In jail a man has no personality. He is a minor disposal problem and a few entries on reports. Nobody cares who loves or hates him, what he looks like, what he did with his life. Nobody reacts to him unless he gives trouble. Nobody abuses him. All that is asked of him is that he go quietly to the right cell and remain quiet when he gets there. There is nothing to fight against, nothing to be mad at. The jailers are quiet men without animosity or sadism.
The reformative effect of punishment is a belief that dies hard, chiefly I think, because it is so satisfying to our sadistic impulses.
The English laws punish vice; the Chinese laws do more, they reward virtue.
We have initiated programs for re-entry offenders, since some 500,000 to 600,000 offenders will come out of prison each year for the next three or four years. We want to have positive alternatives when they come back to the community.
Nothing can be more abhorrent to democracy than to imprison a person or keep him in prison because he is unpopular. This is really the test of civilization.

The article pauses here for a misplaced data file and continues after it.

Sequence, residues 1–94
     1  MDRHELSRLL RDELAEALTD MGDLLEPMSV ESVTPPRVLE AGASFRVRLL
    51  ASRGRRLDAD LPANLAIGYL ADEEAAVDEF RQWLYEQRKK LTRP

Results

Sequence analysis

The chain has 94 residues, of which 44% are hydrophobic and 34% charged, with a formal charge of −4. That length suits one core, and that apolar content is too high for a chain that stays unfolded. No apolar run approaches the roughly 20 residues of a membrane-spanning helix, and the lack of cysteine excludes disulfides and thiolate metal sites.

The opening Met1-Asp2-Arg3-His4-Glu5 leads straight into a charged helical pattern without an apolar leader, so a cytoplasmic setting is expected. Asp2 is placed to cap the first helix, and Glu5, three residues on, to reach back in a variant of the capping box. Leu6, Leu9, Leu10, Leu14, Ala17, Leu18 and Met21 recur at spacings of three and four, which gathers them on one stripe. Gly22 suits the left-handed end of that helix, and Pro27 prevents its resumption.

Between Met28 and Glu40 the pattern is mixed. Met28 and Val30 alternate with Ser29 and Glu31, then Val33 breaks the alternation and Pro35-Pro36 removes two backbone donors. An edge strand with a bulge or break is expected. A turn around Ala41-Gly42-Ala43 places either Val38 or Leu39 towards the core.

There are dreadful punishments enacted against thieves; but it were much better to make such good provisions, by which every man might be put in a method how to live, and so to be preserved from the fatal necessity of stealing and dying for it.
Crimes lead one into another; they who are capable of being forgers are capable of being incendiaries.
And while God had work for Paul, he found him friends both in court and prison. Let persecutors send saints to prison, God can provide a keeper for their turn.
Why would anyone expect him to come out smarter? He went to prison for three years, not Princeton.
I can tell you this on a stack of Bibles: prisons are archaic, brutal, unregenerative, overcrowded hell holes where the inmates are treated like animals with absolutely not one humane thought given to what they are going to do once they are released. You're an animal in a cage and you're treated like one.
To try to raise a son from inside the prison walls is a very difficult thing. But I want to say to the world my son at 16 was the one who tried the most to get me out of prison.
The contagion of crime is like that of the plague. Criminals collected together corrupt each other; they are worse than ever when at the termination of their punishment they re-enter society.
The degree of civilization in a society can be judged by entering its prisons.
I just remember that disturbing feeling of walking into that prison, the complete loss of privacy, the complete loss of stimulation, dignity.
Nor cell, nor chain, nor dungeon speaks to the murderer like the voice of solitude.
Wicked deeds are generally done, even with impunity, for the mere desire of occupation.